US senators want to boot out 300 Russian diplomats over embassy row, but Moscow says it doesn’t even have that many in Washington
The Russian authorities have hit back at suggestions by four US senators that American President Joe Biden should expel 300 diplomats, and warned that Moscow would close all of Washington’s missions on Russian soil in retaliation.
“There aren’t even that many Russian diplomats in Washington,” the Foreign Ministry stated. “Those who propose such steps are apparently pushing for the closure of American offices in Russia. They should understand that the responsibility for this will be theirs.”
On Tuesday, Senators Bob Menendez, Marco Rubio, Mark Warner and Jim Risch wrote a letter to Biden, urging him to take “immediate action to increase staffing at the US embassy in Moscow.” The American mission has been faced with a personnel shortage since the US was listed on Moscow’s official list of ‘unfriendly countries,’ meaning that it is banned from employing locals.
“Russia must issue enough visas to approach parity between the number of American diplomats serving in Russia and the number of Russian diplomats serving in the United States,” the senators said. “If such action is not taken, we urge you to begin expelling Russian diplomats, to bring the US diplomatic presence to parity.”Also on rt.com America & 44 other countries demand urgent answers from Moscow over ‘attempted assassination’ of jailed opposition figure Navalny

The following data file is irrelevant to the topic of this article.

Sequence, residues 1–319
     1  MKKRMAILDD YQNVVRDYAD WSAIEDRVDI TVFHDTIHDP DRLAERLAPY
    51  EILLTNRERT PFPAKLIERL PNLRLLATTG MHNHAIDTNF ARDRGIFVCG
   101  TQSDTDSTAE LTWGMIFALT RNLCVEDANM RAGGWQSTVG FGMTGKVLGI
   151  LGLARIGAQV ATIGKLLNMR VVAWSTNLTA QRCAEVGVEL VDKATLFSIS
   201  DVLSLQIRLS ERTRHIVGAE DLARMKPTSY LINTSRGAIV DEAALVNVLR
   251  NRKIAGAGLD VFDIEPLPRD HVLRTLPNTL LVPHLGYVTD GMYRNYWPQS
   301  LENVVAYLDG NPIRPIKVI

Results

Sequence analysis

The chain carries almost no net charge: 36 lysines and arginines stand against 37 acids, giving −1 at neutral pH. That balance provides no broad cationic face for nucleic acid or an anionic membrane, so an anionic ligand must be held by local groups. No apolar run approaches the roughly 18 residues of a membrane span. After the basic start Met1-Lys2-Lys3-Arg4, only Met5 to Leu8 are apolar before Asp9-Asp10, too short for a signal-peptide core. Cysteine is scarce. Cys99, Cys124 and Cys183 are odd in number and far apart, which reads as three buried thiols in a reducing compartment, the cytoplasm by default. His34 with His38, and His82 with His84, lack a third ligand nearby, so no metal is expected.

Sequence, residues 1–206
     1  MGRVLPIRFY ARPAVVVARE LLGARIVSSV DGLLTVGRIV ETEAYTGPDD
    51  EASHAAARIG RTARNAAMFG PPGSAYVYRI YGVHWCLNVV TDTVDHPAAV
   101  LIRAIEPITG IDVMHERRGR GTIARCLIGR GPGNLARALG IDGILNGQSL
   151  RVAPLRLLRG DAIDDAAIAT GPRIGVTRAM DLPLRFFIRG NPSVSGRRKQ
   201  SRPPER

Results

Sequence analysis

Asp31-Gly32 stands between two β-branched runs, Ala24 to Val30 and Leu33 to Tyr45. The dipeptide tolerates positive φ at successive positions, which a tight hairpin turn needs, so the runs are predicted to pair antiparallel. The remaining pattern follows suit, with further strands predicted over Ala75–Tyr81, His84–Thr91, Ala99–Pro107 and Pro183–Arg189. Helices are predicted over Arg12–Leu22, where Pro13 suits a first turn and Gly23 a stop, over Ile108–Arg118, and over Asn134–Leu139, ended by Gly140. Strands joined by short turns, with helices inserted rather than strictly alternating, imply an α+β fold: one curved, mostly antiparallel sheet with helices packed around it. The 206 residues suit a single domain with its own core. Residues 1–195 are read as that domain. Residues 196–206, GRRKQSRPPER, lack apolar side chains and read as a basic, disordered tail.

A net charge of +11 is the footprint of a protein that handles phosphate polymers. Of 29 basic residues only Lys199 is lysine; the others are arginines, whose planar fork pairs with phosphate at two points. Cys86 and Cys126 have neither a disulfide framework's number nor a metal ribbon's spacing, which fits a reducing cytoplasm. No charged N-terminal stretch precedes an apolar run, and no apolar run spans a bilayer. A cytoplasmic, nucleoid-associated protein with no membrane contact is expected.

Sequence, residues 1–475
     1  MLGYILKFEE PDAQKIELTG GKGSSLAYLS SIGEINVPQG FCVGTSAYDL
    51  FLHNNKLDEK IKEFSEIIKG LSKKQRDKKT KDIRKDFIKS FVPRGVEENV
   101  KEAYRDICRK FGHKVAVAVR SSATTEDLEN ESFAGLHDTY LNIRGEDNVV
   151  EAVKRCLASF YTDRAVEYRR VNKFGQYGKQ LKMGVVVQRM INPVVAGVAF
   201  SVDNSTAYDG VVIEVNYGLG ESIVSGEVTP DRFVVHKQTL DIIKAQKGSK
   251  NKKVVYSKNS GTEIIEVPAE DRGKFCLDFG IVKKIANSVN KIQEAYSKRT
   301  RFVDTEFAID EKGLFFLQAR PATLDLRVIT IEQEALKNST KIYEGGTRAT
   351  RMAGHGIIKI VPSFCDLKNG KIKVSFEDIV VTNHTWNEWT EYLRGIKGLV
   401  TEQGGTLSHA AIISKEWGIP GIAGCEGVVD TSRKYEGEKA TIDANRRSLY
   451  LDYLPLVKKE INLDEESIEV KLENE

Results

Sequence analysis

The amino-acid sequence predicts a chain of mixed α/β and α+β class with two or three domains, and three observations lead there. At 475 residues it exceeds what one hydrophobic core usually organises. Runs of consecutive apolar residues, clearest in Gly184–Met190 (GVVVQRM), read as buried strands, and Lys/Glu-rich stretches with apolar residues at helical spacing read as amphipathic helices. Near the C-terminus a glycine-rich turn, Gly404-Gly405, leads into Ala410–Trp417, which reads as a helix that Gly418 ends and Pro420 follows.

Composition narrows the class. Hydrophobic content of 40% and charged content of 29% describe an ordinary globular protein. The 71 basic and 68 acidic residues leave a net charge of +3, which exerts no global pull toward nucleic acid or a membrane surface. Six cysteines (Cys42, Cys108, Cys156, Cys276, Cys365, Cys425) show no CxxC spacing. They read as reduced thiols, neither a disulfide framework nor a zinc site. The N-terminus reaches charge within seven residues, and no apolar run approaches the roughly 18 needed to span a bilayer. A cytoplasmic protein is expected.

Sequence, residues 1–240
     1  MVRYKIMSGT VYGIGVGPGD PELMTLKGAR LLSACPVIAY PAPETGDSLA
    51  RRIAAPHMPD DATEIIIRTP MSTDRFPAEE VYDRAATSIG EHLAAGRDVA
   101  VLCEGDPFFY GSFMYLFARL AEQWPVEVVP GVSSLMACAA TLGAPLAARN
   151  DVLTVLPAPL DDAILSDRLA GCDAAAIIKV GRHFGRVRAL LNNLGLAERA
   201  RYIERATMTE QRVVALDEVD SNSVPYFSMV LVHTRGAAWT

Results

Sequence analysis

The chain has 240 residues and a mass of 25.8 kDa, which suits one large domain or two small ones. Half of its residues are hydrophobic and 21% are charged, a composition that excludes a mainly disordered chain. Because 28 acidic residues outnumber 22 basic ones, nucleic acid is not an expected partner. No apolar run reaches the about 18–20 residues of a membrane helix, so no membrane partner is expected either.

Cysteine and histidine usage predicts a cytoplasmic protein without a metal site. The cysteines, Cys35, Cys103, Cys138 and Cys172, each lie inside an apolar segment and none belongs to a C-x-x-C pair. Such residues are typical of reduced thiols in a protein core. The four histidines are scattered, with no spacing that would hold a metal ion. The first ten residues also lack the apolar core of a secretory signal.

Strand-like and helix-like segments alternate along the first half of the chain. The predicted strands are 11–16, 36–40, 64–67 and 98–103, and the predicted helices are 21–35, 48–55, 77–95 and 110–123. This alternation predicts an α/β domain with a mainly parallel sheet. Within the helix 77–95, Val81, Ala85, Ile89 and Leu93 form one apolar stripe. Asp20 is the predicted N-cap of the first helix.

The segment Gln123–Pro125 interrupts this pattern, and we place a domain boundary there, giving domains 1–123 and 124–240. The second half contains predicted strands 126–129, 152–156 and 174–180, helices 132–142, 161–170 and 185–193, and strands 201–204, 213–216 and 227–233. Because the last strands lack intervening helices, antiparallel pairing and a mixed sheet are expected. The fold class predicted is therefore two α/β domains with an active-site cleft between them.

However, according to Moscow, there are not as many Russians working in Washington as the politicians think. Overall, there are about 400 people working in Russian diplomatic missions in the United States, with about 150 working at the UN. The US cannot expel these people.
Last month, Russian Deputy Foreign Minister Sergey Ryabkov told the newspaper Kommersant that Moscow would not issue visas to US diplomats because Washington is doing the same thing.
“Since visas are not issued to our people who have to go to replace those working in the US, we do not issue visas to US employees, according to the natural rule of reciprocity,” he said.
However, Ryabkov proposed a “complete nullification of this whole situation,” suggesting the countries “start everything from scratch.”
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